In my line of research, we do a lot of clinical interviews, where we ask students questions as they are solving a problem.  I find data collected that way far more useful in figuring out why students are struggling.   I’ll talk more about clinical interviews and how to use them in your class next time, but if you want to know more now check out the resources below.

It’s important to collect data on our students and analyze what we collect, but we need to spend just as much time thinking carefully about the tools we use and what kind of information we are gathering.

Buschman, L. (2001). Using student interviews to guide classroom instruction. Teaching Children Mathematics, 8 (4), 222-227

Ginsburg, H. P., Jacobs, S. F., & Lopez, L. S. (1998). The teacher’s guide to flexible interviewing in the classroom: Learning what children know about math. Boston, MA: Allyn and Bacon.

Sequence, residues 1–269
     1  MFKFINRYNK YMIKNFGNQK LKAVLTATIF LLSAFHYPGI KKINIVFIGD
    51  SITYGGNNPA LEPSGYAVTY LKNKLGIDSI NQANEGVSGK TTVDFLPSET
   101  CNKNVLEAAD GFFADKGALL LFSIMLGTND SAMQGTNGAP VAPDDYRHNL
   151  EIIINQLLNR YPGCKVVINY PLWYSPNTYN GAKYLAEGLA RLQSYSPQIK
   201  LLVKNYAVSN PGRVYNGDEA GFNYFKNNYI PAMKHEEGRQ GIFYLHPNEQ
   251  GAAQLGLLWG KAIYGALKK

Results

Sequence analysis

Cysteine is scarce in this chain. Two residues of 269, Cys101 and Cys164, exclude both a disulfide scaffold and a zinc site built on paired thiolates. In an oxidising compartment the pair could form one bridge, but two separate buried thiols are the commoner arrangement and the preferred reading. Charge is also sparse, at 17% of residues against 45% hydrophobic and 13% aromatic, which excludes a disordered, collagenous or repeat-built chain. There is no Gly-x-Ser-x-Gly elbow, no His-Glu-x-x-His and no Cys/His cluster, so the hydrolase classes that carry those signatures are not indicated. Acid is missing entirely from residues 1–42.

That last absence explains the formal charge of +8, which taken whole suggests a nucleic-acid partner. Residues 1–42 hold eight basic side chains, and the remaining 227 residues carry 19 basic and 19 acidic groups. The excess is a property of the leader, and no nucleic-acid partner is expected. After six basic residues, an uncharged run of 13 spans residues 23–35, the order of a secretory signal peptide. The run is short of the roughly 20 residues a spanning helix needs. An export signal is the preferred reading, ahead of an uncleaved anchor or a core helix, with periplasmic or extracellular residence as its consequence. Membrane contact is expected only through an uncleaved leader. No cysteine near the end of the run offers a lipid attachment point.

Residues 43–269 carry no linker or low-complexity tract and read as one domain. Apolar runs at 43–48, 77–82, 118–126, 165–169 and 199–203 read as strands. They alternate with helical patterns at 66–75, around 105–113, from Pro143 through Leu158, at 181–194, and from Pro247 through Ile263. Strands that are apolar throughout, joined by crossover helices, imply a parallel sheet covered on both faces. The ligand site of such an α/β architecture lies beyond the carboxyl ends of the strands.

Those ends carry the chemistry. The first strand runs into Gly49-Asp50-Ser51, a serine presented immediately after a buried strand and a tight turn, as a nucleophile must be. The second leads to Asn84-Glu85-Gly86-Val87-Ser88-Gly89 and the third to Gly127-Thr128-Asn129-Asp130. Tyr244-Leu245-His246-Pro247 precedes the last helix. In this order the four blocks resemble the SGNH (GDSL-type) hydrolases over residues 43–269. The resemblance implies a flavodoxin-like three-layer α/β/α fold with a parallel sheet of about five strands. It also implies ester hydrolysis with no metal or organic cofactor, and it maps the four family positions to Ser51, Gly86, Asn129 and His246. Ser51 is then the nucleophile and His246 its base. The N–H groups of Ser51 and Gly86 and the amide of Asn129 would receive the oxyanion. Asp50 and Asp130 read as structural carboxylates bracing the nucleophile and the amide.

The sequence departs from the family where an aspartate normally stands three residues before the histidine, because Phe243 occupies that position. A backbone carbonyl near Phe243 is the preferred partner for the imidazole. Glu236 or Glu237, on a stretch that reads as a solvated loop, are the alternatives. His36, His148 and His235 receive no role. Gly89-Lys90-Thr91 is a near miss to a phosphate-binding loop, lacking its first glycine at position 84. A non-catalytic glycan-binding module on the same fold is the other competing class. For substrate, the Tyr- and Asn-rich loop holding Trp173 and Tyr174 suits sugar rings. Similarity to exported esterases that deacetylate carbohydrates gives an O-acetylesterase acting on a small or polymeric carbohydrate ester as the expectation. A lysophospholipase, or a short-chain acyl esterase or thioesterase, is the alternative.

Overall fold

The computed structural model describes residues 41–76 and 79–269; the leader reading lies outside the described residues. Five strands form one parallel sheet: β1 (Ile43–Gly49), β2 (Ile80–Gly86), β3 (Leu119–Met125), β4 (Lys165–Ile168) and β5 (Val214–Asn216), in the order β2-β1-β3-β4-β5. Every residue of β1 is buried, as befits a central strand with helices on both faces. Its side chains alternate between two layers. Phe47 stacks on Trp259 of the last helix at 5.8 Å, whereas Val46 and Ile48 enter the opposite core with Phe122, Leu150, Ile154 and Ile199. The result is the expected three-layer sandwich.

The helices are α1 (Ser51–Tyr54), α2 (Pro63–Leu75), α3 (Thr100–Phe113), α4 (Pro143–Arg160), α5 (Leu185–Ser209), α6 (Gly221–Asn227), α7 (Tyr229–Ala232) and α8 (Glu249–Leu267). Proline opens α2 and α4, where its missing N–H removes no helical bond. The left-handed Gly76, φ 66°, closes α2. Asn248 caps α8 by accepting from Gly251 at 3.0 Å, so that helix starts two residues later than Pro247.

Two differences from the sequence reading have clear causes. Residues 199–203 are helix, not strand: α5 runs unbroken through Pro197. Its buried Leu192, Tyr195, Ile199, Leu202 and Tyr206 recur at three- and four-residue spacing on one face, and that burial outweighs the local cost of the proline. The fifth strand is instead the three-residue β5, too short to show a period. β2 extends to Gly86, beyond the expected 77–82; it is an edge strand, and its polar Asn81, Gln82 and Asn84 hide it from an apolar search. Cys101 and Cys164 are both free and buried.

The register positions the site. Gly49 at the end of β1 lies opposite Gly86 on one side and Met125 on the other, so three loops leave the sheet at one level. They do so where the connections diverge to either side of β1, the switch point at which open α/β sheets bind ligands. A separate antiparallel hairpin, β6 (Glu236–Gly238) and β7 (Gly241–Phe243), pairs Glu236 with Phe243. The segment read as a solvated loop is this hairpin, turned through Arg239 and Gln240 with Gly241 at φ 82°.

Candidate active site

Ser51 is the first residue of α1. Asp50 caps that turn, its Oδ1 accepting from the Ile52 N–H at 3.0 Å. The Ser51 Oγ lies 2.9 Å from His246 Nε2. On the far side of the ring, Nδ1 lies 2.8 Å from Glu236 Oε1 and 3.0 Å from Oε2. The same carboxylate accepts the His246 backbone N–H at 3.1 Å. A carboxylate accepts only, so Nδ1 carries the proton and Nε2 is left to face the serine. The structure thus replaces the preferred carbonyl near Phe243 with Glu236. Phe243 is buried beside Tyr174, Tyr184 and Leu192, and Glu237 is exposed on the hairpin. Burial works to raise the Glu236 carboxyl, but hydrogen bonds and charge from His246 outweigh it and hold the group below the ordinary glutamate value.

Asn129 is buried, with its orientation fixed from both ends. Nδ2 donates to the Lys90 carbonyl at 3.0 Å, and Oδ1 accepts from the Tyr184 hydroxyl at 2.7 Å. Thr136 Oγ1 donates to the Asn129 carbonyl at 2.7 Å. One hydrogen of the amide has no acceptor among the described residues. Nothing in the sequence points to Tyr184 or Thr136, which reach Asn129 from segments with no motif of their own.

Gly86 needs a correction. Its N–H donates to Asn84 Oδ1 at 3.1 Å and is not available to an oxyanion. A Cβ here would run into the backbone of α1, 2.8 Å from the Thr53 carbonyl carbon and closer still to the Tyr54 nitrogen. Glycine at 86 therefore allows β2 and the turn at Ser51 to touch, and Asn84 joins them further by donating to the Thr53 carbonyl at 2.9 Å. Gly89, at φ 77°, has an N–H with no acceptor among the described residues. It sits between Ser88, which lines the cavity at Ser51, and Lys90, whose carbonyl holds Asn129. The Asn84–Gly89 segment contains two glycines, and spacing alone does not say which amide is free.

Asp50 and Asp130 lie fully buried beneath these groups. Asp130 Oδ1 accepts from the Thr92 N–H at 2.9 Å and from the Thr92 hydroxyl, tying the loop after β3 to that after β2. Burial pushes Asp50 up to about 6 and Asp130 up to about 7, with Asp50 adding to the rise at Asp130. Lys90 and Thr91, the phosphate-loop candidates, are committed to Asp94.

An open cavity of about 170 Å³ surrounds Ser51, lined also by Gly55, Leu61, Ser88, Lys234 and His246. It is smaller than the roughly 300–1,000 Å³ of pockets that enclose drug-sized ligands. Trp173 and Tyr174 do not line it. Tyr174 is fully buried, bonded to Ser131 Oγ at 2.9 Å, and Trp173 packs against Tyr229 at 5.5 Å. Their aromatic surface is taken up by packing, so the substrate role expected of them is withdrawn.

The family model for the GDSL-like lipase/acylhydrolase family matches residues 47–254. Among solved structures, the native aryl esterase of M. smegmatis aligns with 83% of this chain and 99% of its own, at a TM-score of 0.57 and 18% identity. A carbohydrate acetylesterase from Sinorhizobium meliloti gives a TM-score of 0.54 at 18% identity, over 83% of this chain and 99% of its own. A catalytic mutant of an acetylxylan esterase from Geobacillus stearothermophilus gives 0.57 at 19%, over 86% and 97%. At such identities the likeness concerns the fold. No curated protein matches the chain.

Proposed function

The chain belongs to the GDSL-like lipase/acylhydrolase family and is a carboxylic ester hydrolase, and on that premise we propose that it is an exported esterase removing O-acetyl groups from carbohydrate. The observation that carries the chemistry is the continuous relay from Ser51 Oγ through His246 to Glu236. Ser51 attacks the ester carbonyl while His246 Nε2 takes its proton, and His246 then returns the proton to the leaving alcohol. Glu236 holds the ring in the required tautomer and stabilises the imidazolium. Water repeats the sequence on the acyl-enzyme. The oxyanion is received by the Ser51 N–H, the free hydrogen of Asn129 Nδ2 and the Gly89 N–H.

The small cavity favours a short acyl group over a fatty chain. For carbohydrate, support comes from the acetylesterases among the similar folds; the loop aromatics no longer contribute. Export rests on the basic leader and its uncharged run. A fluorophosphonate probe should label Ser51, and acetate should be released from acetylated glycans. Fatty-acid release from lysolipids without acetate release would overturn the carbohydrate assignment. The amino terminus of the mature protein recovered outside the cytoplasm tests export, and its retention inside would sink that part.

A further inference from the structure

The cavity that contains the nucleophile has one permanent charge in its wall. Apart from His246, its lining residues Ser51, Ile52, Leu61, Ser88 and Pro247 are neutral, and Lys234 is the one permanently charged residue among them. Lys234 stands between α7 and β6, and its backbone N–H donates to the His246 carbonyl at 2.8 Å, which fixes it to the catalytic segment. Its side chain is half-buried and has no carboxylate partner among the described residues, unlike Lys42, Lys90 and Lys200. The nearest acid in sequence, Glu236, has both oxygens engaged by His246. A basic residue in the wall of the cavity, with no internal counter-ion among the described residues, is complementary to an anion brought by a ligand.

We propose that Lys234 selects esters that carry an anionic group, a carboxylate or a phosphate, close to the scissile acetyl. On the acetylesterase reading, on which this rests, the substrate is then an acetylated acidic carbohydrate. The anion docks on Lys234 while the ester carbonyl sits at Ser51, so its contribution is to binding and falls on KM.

# Assessing what students really understand about fractions

Do the following tasks look familiar?

What fraction of the circle is shaded?

Shade in 2/3 of the rectangle below.

Are most of your students successful at these types of tasks?  I would be willing to bet that they are after trying a couple of them.

However, I’d also guess that once you move on to more complicated concepts like comparing fractions or adding fractions, suddenly students are confused.

Why?

I think there is a misconception that if students can name a fraction in a picture and shade in a fractional amount in picture, that they understand what a fraction is.  But being able to do these tasks does not necessarily mean they have a strong conceptual understanding of what a fraction is.  And if they don’t have a strong foundation, topics like comparing or adding fractions is incredibly difficult.

Why can students do the tasks above yet not really understand fractions?